Are you grieving a celebrity or famous person and maybe feeling a bit silly about it? After all, you didn't really know them. You hadn't met them. They weren't part of your family.
But somehow, you feel really sad and are definitely grieving. So why does this happen, and why can it be good for you? We explain what is happening to you and why it is a bittersweet feeling.
In the last few years, we have lost such a lot of well-loved musicians, actors and TV personalities. Musicians David Bowie, Prince and George Michael. Actors Alan Rickmann, Anton Yelchin ,Carrie Fisher. Fashion designer Kate Spade and travelling chef Anthony Bourdain, both to suicide. These are people who have affected our lives. We have enjoyed their music, films and shows, we have grown up with them. They have been the backdrop for our own lives. They form an integral part of our culture and our love of life and they have given us a lot of pleasure.
The radio and movies, magazines and television give us so much contact with actors, pop stars, royalty, and politicians that we really feel we know them. They become part of our lives, with many of them being in our living rooms each day via the television or the internet. When a celebrity dies there can be an outpouring of grief that is overwhelming, as in the cases of Princess Diana’s death, the assassination of President Kennedy or the deaths of Elvis Presley and David Bowie.
They were not known to us personally but we all felt a loss. They were part of our lives. We compare their ages to our own and it makes us feel older and more vulnerable. It brings home to us a feeling of accepting our own mortality, a feeling that we have lost a friend.
Many people do not experience death with close family or friends for many years.
When a celebrity dies we begin to imagine how we would feel if it was our parent or sibling who had died. How would we really feel ? It brings us face to face with death perhaps for the first time. We realise that life is not a permanent state and that even important individuals can have shortened life spans. None of us know how long ours will be.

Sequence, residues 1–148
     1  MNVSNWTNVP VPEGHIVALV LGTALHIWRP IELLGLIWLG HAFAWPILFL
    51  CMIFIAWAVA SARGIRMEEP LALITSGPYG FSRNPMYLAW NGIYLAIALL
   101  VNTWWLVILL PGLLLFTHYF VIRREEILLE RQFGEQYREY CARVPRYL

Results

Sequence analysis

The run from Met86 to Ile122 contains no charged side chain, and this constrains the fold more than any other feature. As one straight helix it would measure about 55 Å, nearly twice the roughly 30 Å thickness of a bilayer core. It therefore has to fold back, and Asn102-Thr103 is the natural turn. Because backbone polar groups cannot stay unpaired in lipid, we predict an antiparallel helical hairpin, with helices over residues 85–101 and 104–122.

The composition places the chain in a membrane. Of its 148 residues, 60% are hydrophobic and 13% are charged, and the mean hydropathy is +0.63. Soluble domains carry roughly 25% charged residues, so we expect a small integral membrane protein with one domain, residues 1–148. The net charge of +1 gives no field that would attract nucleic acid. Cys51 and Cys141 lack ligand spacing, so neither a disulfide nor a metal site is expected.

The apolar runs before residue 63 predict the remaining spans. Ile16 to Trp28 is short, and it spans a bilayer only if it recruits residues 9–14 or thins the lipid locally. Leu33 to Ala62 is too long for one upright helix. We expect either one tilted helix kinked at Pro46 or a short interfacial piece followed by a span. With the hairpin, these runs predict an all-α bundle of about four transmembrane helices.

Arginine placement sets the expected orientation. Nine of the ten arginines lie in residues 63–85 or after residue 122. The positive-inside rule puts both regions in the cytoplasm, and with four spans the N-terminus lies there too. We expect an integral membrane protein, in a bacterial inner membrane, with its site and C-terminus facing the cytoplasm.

It is like a rehearsal for when we lose someone really close to us. It helps us to get used to those painful emotions of grief so that we can manage them when we are faced with the loss of a family member later in life.
Today's society hides funerals. We don’t see hearses or horse drawn carriages with processions of people marching behind, or even rows of cars slowly passing by. In the old days a funeral would cause whole communities to stop and show respect as funeral processions passed by. These days, apart from close relatives and friends neighbours may not even be aware that someone two homes away has died.
In some other cultures, such as in Indonesia, death is a much more public event. This photo shows the preparation for a cremation in the middle of the main street in Sanur, Bali. Also read my article about Death in Other Cultures.
Because of the isolation from awareness in western society, it seems to release a far more public outburst of loss and grief when an event is made public. It is a an outlet for anxiety and shock on a community level. It’s a time when society can get together to display unity and care which is all too rare these days. It is also a public show of empathy and support to the families of the bereaved.
This can only be a positive act for that community, a feeling of belonging and sharing in the grief.
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Our free downloadable and printable document "The 10 Most Important Things You Can Do To Survive Your Grief And Get On With Life" will help you to be positive day to day.
The 10 points are laid out like a poem on two pretty pages which you can pin on your fridge door to help you every day!
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